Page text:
In his essay “Imagined Geographies Of The Celtic Fringe And The Cultural Construction Of The Other ,” Keith D. Lilley talks about how the Anglo-Normans colonized the Welsh and Irish by denying their urban culture because it did not square with their own in the Middle Ages, and that the marginalization of the supposed Celtic fringe goes back almost a thousand years. The biggest problem I saw with the essay was that the author failed to realize that the process still goes on and that he and others like him are part of the problem and not part of the solution. And, because I have a personal stake in this sort of matter, it is worthwhile to discuss my own experience with the problem of urban leftists and the way that they seek to marginalize and otherize people in the contemporary American world as it relates to Celtic culture.
As an undergraduate student at the University of Southern California, I lived in Los Angeles and was very familiar with the otherizing process that happens to people who come from the Southeast (even though I had been otherized in the Southeast growing up because I had and still have a bit of a Pittsburgh accent). I remember having a political argument with a leftist whose response to me was to send a music video link to “Dueling Banjos” from the film Deliverance, a classic example of leftist tropes that seek to marginalize people because of a supposed cultural background that did not happen to match my own background as a border Northerner who happens to have grown up in the rural South. This is not an uncommon experience. It is easy for people to view those who live in rural areas as being particularly low-information individuals whose opinions and thoughts and ways of life do not matter and who can be safely marginalized by those who know more and live in cities, at least cities whose urban culture they would recognize and respect. In that sense, contemporary leftists are no better than the arrogant Anglo-Normans when it comes to the otherizing tendencies they have in promoting those who they wish to colonize and marginalize as being rural and lacking an understanding of urban culture.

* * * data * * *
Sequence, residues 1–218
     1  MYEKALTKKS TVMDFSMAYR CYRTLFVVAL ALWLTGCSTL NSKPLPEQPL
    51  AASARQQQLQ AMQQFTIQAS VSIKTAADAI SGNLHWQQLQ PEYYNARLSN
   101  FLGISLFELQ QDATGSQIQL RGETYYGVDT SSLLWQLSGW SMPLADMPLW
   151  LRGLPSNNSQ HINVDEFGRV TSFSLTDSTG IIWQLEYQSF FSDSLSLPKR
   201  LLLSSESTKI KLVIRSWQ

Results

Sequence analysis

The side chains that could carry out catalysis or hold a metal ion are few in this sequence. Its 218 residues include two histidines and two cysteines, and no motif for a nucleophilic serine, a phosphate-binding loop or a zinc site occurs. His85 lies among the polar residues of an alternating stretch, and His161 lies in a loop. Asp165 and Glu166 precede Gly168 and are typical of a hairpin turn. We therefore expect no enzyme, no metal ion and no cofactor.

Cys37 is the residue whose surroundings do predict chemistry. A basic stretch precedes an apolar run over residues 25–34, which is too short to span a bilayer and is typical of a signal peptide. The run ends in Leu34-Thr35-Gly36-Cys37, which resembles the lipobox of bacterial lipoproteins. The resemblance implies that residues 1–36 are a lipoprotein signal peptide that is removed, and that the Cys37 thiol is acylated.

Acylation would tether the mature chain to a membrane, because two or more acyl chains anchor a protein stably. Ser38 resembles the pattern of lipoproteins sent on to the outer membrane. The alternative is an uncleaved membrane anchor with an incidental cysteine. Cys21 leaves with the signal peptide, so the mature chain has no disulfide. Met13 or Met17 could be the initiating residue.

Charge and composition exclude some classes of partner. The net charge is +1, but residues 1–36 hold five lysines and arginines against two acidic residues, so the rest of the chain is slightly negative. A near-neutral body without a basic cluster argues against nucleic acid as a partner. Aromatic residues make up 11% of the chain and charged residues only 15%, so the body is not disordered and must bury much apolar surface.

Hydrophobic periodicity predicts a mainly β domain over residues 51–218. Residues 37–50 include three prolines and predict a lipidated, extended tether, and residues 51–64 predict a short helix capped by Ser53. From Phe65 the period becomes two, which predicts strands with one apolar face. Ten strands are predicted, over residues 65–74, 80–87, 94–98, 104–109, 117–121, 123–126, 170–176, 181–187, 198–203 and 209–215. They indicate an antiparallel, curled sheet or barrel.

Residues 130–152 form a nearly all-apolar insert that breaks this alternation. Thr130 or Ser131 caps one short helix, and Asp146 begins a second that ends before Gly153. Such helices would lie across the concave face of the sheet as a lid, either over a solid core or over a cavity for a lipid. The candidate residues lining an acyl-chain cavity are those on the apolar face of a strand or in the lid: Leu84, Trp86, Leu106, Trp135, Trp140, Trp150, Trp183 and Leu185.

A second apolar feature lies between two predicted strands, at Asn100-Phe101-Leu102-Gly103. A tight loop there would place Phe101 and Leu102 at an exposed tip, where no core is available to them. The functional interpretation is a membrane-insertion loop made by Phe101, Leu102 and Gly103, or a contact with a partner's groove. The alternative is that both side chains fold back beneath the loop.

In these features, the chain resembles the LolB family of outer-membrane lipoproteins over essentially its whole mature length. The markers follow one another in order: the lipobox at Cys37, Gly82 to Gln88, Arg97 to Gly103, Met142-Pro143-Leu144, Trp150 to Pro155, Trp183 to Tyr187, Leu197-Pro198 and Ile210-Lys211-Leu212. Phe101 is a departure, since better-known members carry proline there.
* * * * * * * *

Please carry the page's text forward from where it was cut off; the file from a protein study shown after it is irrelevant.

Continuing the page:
What is it that makes people hypocrites so easily? It is easy to look down on medieval Anglo-Normans for being arrogant when it comes to dismissing the cultural achievements and the urban establishments of the Welsh or Irish in the Middle Ages. But what happens when you simultaneously look down on the Anglo-Normans but then do the same thing to the descendants of Celts who happen to live in West Virginia or Arkansas or other parts of the supposedly “rural” South, simply because their cities may not vote the way that the cities these people respect do, and so they are invisible in the eyes of those who praise a leftist urban culture and dismiss cities that are more conservative politically speaking. It seems arrogant when it is done by Anglo Normans who are in the past and not able to defend themselves and who appear so different from us and from the way we think, but all too easy to do when we ourselves happen to be the people doing the judging and wish to otherize and marginalize people who are different from us and who would think and feel and vote differently than we do or would.
And that ought to make us more empathetic to people who do the marginalizing. It is easy for us to want to root for the underdog and fail to recognize that we too seek to marginalize and silence and colonize people just as other historical oppressors do and have. It is when we can realize that we are potentially the sort of oppressive people that we would hate that we can rise above merely the trendy and fashionable support of underdog causes because it reflects well on us and move to the understanding that we, just like every other people in history, is a lot more morally complex than we might like to admit, and that we too are not always on the sides of the angels, but sometimes are the sort of wicked monsters who we would curse if someone else was doing it from another group than our own. We can always justify ourselves, but it is when we stop trying to justify and just openly admit the truth that we can come to a real understanding that all too often we may best be compared not with the underdogs of history whose causes we may champion, but with the bullies and tyrants of history who like us seek power to oppress and dominate our enemies and who are hated by the descendants of those whom they have wickedly oppressed.
 The first essay of a collection, Celtic Geographies, edited by David C. Harvey, Rhys Jones, Neil McInroy, & Christine Milligan, first published in 2002.